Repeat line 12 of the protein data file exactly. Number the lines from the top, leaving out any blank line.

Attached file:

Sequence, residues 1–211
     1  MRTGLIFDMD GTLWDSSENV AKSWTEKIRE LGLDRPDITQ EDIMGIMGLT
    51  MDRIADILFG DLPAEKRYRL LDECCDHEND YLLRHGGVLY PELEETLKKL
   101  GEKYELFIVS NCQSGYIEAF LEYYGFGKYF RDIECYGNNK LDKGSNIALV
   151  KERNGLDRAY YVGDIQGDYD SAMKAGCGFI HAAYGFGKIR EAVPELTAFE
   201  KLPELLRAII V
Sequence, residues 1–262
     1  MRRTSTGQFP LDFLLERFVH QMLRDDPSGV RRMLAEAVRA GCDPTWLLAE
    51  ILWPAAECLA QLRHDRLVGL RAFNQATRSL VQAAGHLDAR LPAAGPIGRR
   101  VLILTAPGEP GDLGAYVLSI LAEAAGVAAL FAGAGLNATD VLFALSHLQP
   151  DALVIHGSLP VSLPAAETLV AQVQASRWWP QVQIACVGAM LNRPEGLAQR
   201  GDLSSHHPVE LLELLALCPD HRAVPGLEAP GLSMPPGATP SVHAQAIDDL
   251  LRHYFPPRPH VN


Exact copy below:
   201  GDLSSHHPVE LLELLALCPD HRAVPGLEAP GLSMPPGATP SVHAQAIDDL